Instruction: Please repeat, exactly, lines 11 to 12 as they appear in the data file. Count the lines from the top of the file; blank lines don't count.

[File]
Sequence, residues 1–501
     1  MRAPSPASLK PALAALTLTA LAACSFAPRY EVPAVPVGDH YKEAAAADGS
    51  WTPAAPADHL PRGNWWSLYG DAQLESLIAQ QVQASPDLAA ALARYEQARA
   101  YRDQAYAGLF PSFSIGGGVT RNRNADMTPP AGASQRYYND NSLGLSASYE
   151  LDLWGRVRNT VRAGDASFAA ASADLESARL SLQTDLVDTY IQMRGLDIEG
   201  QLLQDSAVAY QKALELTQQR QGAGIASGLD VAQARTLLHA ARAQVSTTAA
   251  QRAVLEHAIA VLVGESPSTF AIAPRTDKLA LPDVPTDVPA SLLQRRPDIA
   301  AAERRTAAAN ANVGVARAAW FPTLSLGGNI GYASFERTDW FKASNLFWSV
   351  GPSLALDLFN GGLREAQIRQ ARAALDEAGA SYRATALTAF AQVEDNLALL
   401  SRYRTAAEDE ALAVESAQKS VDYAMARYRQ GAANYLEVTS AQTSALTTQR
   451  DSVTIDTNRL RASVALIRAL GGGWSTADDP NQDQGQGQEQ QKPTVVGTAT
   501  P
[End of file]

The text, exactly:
   451  DSVTIDTNRL RASVALIRAL GGGWSTADDP NQDQGQGQEQ QKPTVVGTAT
   501  P